This chapter contains a presentation of each example included with 'Accordion Slider'. The presentation will not go through the properties or HTML structure of the examples, as these can be understood by reading the other chapters from this documentation.
Beyond demonstrating how to use layers and several other features, the main purpose of this example is to show the difference between 'auto' and 'custom' responsiveness.
The example allows you to change the responsive mode at any time in order to see how each option works. You will notice that changing the responsive mode to 'auto' will display all layer content completely, but will also resize the layers proportionally to the size of the accordion. Changing the responsive mode to 'custom' will keep the layers at a size that makes the text easy to read at any size of the accordion, but for this purpose it will hide part of the layers and only show the most important content.
'Custom' responsiveness is used in conjunction with CSS media queries, which are used to partly hide the layers at smaller screen sizes. The CSS code used in this example can be found in 'examples/css/examples.css'.
The block of code used for changing the responsive mode is only for demonstration purposes, and doesn't need to be included in your project.
This example demonstrates how to swap the background image when panels are opened, how to change the number of visible visible panels for smaller screens, and how to integrate the accordion with 3rd party scripts, Fancybox2 in this case.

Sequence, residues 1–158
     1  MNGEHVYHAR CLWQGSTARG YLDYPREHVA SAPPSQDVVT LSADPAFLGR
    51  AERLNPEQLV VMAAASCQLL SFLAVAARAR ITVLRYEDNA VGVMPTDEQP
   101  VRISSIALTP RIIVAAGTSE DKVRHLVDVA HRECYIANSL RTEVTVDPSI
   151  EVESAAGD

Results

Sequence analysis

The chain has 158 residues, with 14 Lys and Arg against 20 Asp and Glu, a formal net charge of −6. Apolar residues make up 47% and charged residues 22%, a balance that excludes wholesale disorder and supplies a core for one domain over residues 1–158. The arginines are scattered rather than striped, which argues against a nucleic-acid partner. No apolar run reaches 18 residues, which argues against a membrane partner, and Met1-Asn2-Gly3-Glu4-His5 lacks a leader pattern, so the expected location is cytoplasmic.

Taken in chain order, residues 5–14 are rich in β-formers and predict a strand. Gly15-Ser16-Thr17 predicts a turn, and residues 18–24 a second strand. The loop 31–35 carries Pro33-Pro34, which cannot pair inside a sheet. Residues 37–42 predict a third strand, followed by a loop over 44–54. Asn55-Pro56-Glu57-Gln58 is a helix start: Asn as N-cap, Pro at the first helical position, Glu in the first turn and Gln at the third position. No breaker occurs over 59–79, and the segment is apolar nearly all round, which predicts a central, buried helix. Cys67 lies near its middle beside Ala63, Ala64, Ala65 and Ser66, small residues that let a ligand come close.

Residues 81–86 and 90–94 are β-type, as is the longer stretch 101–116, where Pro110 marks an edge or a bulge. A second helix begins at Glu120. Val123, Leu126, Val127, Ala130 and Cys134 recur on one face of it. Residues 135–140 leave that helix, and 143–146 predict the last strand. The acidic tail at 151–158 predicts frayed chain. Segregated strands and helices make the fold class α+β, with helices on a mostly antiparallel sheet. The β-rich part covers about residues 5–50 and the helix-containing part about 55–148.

Regarding Fancybox integration, it is important to note that integrating a lightbox script or a simple link with touch swipe or mouse drag functionality is a little tricky, because doing a mouse drag or a touch swipe can activate the link or lightbox even if this is not intended. Simple links are automatically handled by the Accordion Slider plugin (the Touch Swipe module, to be more specific), so they don't require any attention from your part, but using 3rd party scripts, like Fancybox, requires some attention. In the example, you can see a commented block of code that handles this integration.
The main purpose of this example is to demonstrate how to use breakpoints in order to change the appearance of the accordion for different screen sizes. This example uses 'custom' responsiveness, so it has some associated CSS code in the examples.css file.
This example shows how to use HTML content inside the accordion, and focuses on using videos. In the Modules chapter, there is a chapter about how the videos are integrated with the accordion in order to have them automatically controlled.
It's not necessary to add the HTML content, including the videos, inside layers. You can add it directly in the main panel container, but layers make it easier to position and size this content.
The example also demonstrates how to use deep-linking. As you can see, below the accordion there are four numerated links which will open the four panels of the accordion. Then, there is another link which doesn't use deep-linking, but one of the accordion's public methods that will close all the panels.
This example replicates 'example 1', but uses XML as a source for the content of the accordion.
This is similar to 'example 2', and uses a JSON file as a source for the content of the accordion.